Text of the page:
There is another JEP with the number 333:
here, the goals are:
Inside JEP 333 there are some numbers for the performance provided:
- GC pause times should not exceed 10ms
- Handle heaps ranging from relatively small (a few hundreds of megabytes) to very large (many terabytes) in size
- No more than 15% application throughput reduction compared to using G1
- Lay a foundation for future GC features and optimizations leveraging colored pointers and load barriers
- Initially supported platform: Linux/x64
Below are typical GC pause times from the same benchmark. ZGC manages to stay well below the 10ms goal. Note that exact numbers can vary (both up and down, but not significantly) depending on the exact machine and setup used.This looks very promising. But within the limitations you can read, that it will take some more time, until this can be used:
(Lower is better)
ZGC avg: 1.091ms (+/-0.215ms) 95th percentile: 1.380ms 99th percentile: 1.512ms 99.9th percentile: 1.663ms 99.99th percentile: 1.681ms max: 1.681ms G1 avg: 156.806ms (+/-71.126ms) 95th percentile: 316.672ms 99th percentile: 428.095ms 99.9th percentile: 543.846ms 99.99th percentile: 543.846ms max: 543.846ms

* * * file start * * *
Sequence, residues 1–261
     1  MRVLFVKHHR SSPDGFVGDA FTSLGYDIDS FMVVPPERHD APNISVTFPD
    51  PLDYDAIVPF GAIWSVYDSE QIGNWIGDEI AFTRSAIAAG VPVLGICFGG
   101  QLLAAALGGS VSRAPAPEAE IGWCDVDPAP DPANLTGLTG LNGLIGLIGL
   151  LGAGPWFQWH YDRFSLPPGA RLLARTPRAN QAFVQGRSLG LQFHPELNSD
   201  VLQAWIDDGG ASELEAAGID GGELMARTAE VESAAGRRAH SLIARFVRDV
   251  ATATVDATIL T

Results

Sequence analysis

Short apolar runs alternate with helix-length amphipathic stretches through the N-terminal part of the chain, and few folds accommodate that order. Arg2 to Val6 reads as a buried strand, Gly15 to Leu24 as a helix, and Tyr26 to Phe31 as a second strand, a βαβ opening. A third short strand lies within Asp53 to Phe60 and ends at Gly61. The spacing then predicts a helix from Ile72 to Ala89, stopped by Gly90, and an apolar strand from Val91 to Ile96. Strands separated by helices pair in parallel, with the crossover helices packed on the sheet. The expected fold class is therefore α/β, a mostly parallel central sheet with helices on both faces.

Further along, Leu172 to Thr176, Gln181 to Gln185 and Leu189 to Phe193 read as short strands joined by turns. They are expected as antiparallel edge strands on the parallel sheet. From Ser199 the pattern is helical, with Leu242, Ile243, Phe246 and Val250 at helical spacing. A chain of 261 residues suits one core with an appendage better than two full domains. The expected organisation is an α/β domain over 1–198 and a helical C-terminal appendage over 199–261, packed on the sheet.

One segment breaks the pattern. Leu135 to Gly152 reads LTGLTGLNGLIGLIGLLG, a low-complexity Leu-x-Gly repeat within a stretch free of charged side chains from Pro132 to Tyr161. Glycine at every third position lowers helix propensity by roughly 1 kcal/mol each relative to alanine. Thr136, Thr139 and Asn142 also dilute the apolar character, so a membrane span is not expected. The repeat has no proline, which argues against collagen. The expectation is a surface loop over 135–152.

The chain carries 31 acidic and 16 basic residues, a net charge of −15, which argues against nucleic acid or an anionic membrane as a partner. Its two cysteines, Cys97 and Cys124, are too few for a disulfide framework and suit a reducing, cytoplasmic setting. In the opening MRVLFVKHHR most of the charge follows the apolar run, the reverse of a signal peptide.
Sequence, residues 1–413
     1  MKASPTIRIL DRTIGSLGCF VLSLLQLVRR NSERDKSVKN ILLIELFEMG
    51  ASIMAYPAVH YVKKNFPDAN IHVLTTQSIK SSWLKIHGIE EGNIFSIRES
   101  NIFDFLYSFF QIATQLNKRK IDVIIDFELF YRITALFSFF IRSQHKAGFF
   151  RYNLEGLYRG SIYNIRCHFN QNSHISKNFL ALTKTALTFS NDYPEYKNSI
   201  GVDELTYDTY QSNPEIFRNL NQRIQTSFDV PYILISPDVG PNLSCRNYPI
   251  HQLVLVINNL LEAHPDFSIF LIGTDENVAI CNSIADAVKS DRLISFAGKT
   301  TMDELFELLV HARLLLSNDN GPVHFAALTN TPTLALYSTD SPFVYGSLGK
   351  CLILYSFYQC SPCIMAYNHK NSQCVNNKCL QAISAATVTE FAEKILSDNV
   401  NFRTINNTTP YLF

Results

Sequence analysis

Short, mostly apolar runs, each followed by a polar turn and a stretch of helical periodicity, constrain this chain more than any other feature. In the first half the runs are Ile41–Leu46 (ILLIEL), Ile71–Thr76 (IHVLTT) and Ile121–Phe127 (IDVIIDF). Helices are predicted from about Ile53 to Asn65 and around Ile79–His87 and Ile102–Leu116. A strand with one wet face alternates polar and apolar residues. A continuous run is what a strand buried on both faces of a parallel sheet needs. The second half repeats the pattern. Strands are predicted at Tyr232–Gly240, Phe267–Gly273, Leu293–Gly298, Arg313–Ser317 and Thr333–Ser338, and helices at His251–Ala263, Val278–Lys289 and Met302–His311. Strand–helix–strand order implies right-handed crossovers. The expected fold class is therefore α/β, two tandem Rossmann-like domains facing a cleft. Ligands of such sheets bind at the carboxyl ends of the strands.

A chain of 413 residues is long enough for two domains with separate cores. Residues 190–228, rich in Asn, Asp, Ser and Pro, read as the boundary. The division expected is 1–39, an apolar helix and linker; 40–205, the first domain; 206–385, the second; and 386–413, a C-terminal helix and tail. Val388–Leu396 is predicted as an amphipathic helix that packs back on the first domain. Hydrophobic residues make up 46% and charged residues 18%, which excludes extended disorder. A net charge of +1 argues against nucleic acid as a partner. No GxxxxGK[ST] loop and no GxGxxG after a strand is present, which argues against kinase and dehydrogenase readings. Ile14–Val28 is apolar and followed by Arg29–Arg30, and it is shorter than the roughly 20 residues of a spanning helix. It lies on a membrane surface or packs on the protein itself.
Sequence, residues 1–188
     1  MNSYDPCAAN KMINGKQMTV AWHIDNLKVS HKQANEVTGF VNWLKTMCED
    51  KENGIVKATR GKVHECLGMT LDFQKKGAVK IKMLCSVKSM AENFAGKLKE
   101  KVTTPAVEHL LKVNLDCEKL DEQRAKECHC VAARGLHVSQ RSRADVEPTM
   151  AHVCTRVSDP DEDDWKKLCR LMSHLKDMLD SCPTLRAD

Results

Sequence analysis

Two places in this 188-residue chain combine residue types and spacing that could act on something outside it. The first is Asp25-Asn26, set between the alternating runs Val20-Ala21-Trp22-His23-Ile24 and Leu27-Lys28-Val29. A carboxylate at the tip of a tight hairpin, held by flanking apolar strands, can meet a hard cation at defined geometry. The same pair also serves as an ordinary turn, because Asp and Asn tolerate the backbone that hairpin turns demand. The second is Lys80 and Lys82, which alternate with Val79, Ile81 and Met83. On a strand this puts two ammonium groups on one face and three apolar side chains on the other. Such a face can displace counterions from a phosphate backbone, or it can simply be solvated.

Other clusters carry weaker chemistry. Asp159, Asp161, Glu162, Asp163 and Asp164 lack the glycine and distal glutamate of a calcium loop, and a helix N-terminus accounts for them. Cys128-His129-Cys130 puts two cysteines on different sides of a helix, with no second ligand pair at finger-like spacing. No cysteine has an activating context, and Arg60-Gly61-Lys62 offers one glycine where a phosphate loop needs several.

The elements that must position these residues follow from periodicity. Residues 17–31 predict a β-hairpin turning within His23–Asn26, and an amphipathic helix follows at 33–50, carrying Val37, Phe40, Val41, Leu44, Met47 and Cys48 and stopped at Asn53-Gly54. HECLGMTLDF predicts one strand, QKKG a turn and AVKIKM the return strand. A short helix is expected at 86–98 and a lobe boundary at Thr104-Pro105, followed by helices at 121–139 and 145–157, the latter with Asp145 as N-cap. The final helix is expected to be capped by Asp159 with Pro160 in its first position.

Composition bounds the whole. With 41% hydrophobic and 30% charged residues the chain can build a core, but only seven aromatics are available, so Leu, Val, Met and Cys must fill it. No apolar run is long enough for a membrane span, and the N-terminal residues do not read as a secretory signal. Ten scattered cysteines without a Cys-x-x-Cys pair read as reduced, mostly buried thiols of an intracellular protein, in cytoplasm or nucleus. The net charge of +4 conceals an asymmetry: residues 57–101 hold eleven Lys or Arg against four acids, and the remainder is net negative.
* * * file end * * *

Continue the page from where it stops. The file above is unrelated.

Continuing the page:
The initial experimental version of ZGC will not have support for class unloading. TheNevertheless: You can use this GC with the command line argument
ClassUnloadingWithConcurrentMarkoptions will be disabled by default. Enabling them will have no effect.
Also, ZGC will initially not have support for JVMCI (i.e. Graal). An error message will be printed if the
EnableJVMCIoption is enabled.
These limitations will be addressed at a later stage in this project.
For more information take a look here: https://wiki.openjdk.java.net/display/zgc/Main